Another guest post from our lovely veterinarian Trish:
We just wanted to show you close up pictures of beautiful Bambi’s eyes and explain what we currently know about her eyes.
- Bambi’s right eye has a very early, immature cataract that can only be seen in certain lighting.
- Bambi’s left eye has a mature cataract and anterior lens luxation, hypopyon, and a corneal scar.
Anterior Lens luxation means the cataract has moved forward in her eye in front of the iris; we suspect due to the long period of time the lens has been luxated, she also has inflammation /uveitis of the front part of her eye.
We can also see Hypopyon (white blood cells in the eye) probably from the chronic lens luxation, inflammation, and corneal opacity (scar) possibly from a previous corneal ulcer. Bambi’s left eye does not currently appear to be causing her any pain or trouble and is definitely not slowing her down!
Possible causes of Bambi’s cataracts are:
- excess exposure to UV light,
- nutrition (decreased intake Vitamin A, E, C, Riboflavin),
- previous infection inflammation (uveitis) in the eye,
- trauma, or
Actually, in a study of wild African elephants, cataracts and lens luxation were among the highest percentage of eye issues noted, so there may be more of a genetic component than we realize. We will need to continuously monitor both eyes since the lens being luxated and the inflammation associated with that makes Bambi possibly prone to glaucoma development in her left eye. Because she does not see well from this eye, she is at risk for possible corneal ulcers from a scratch to her eye when she is out exploring. The right eye with the immature cataract could become a mature cataract and is a risk for the cataract to also luxate.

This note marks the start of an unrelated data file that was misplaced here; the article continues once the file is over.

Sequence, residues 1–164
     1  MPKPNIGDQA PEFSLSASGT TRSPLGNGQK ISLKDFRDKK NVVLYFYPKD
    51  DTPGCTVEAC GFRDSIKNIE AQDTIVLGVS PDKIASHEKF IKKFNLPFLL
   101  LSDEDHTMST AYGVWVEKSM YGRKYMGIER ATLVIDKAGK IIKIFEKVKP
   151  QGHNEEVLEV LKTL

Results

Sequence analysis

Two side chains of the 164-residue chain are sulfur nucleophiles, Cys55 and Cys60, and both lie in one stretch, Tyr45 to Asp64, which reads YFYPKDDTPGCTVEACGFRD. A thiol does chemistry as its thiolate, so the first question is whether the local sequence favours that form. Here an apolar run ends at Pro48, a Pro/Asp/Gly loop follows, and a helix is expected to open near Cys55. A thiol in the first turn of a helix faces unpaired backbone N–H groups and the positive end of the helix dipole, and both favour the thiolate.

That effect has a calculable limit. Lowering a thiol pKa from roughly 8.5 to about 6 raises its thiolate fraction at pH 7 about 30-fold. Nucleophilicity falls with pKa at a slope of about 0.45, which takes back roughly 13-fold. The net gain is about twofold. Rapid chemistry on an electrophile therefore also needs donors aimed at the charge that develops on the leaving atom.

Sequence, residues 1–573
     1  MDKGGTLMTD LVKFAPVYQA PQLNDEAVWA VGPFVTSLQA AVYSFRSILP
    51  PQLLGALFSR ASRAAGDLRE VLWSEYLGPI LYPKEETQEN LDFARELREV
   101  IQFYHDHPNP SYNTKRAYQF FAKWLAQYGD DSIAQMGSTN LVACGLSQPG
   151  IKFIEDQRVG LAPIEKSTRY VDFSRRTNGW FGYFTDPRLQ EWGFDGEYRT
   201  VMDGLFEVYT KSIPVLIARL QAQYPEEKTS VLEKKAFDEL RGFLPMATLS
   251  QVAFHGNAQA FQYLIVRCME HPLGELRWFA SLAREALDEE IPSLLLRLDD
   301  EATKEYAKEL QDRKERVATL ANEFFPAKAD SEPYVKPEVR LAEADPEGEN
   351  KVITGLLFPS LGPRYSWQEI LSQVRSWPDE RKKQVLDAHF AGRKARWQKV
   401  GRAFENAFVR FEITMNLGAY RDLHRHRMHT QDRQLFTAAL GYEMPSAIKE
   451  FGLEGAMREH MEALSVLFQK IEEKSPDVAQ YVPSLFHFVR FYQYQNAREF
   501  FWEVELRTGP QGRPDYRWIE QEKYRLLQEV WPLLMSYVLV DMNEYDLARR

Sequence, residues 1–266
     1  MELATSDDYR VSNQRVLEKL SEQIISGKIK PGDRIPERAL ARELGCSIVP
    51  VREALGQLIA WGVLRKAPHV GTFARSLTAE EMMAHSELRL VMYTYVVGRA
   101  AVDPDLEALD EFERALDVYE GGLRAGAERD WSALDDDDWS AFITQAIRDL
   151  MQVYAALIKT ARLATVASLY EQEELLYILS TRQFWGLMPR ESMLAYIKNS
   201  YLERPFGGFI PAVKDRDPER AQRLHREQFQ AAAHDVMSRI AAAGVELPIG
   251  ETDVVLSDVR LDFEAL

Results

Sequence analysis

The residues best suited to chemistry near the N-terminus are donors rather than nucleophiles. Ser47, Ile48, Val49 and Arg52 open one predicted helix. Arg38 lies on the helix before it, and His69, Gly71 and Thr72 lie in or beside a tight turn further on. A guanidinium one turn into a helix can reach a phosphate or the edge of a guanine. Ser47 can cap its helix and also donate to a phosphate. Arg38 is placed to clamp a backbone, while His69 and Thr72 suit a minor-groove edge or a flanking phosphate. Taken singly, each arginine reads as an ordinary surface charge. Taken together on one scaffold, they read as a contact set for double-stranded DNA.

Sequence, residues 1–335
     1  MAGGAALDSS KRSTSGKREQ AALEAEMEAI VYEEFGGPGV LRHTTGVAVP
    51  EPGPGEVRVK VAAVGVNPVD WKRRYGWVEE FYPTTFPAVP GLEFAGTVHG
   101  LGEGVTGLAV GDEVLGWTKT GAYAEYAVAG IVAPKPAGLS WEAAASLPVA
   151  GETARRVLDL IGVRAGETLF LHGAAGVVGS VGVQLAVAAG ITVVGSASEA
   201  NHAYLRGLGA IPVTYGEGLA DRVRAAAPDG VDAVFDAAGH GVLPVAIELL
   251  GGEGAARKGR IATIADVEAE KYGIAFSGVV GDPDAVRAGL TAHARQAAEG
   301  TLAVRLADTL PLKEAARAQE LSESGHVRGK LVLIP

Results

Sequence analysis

We will watch Bambi’s eyes closely for any sign of pain irritation or infection, which could be increased tear production, squinting of the eye, and increased sensitivity to light, which could indicate glaucoma developing. We will also get her used to having her intraocular pressure measured in her eyes to monitor for glaucoma. We will start her on eye drops to help keep the inflammation down in her right eye and hopefully prevent her lens from luxating in this eye also.
Cataract surgery has been done in both Asian and African elephants, but it involves general anesthesia, and we do not feel Bambi’s eyes are currently affecting her quality of life enough to perform such a major procedure at this time. We also do not have a complete picture of her health yet without a full bloodwork evaluation.
Photo of Bambi’s left eye above and right eye below.